Fairygodboss

Bridgette Marsh has five words for anyone stuck contemplating what their next career move should be: “Go where you are wanted.”

A senior manager at Southern California Edison, Marsh adds, “Not every manager will be interested in your growth. Work for the ones that are.”

This belief — that a balance should be struck between what you give to an employer and what they give to you — is partially what’s led Marsh to stay at SCE for more than 15 years. In her time working for the utility company, she’s had numerous opportunities to develop and expand her career, trying on different hats and seeing which ones best suit her.

“I’ve had the ability to explore several jobs within SCE, from engineering to planning to project management to strategy and now performance management,” she said. “Early in my career, some of my job moves were exploratory and they helped me learn what I like in my work, in my boss and in my work environment.” 


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Having the ability to explore different functions and try out new ways of solving for challenging problems keeps Marsh on her toes. Recently, she spoke with Fairygodboss about what advancing her career these past 15 years has looked like, as well as the most memorable piece of career advice she’s ever received. 

What’s your title at SCE? 

I’m the acting senior manager of Performance Management in our Transmission and Distribution operating unit. I also serve as the current president of Women’s Roundtable, SCE’s first and longest running Business Resource Group, which boasts a membership of over 1,200 women and men across the company.

How long have you been in your current role, and what were you doing previously?

I’ve been in my current role for six months. Previously, I was a senior advisor responsible for leading the development of the annual strategic plan for our Transmission & Distribution unit.

What do you do in your role? 

Today, I lead a team responsible for managing execution of our unit’s strategic plan. This includes evaluating progress toward our goals, providing analysis for our performance and developing corrective actions for goals that are off-track. 

What’s the first thing you do at work every day? 

I like to start my day off walking around and checking in with my team. I’m the newest member of the team, so it’s important to me to find time to connect as much as possible.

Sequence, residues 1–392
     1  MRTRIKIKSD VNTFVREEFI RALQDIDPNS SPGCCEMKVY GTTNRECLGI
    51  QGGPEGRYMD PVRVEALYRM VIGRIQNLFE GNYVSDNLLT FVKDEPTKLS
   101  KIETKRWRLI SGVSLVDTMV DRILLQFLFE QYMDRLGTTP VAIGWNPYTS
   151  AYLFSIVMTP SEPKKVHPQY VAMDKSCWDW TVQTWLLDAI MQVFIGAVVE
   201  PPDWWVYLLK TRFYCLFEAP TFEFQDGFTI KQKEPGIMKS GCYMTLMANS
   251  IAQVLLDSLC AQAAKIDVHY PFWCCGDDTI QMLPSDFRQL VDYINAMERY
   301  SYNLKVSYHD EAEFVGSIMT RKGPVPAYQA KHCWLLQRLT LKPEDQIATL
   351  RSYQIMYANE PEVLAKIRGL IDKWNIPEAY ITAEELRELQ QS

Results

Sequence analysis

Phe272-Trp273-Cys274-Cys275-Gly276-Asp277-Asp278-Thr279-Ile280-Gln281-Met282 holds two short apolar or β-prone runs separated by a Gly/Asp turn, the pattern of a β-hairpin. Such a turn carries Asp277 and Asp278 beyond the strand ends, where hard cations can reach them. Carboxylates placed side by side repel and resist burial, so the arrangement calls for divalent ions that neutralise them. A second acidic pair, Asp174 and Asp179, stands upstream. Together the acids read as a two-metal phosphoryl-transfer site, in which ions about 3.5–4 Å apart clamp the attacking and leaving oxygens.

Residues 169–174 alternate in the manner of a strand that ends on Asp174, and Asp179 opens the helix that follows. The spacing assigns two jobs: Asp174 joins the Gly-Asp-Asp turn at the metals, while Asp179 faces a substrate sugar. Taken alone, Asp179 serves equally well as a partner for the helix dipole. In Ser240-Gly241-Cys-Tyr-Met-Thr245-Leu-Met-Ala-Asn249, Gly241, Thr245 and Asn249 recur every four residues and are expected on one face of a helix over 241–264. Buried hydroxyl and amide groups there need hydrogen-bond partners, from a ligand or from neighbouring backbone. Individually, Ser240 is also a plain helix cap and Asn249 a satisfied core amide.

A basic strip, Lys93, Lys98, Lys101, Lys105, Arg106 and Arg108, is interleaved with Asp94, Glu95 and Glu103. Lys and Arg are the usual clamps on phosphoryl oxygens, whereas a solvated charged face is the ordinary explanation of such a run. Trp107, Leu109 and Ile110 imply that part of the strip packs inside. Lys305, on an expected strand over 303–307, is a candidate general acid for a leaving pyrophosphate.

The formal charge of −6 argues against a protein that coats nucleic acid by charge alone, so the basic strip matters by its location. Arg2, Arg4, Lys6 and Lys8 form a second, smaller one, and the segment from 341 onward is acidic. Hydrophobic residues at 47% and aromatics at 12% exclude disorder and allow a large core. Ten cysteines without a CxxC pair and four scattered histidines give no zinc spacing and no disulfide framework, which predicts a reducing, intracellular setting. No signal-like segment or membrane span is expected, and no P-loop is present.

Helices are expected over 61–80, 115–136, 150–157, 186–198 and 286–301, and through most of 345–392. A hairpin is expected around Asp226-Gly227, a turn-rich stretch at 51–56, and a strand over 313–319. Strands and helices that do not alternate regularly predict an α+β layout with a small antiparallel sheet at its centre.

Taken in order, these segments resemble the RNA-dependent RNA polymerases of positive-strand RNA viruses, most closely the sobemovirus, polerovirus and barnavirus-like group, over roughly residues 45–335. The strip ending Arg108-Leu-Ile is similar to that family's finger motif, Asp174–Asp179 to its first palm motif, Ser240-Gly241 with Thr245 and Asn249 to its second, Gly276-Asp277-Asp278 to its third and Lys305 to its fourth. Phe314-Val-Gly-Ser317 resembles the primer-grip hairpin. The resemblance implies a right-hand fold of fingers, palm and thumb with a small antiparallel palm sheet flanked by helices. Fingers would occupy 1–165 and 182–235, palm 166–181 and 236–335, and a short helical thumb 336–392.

What’s the most unique or interesting aspect of your company? 

In a time when many employees move on from companies after two to three years, it’s not uncommon for our employees to stay five, 10, even 40 years with SCE. Many of our employees have multiple careers at Edison and they are proud of it. 

What are you currently reading, watching or listening to?

I subscribe to over 60 podcasts on a variety of topics such as economics, the workplace, social science, entrepreneurship, food and pop culture. Some of my favorites right now are The Indicator from Planet Money, Dear HBR, Women at Work, Entrepreneurial Thought Leaders, Friction, Hidden Brain and Akimbo. Listening to these podcasts help me explore, challenge and expand my own thinking.

A lot of people believe that developing your career means changing companies, and not infrequently. What has enabled you to develop/advance your career without job hopping?

The decision to stick with or move on from a company will involve several factors, and the right answer will be personal and will change with the times. I’ve had the ability to explore several jobs within SCE. Early in my career, some of my job moves were exploratory and they helped me learn what I like in my work, in a boss and in my work environment. I also learned that, even though I had trained as an engineer, I had a growing interest in solving business problems. So I began to seek out opportunities to build on that interest. 

Ultimately, what has led you to stay at your company?

I’m here because there are interesting problems to solve.

What’s the most memorable piece of career advice you’ve received?

Go where you are wanted. Not every manager will be interested in your growth. Work for the ones that are.

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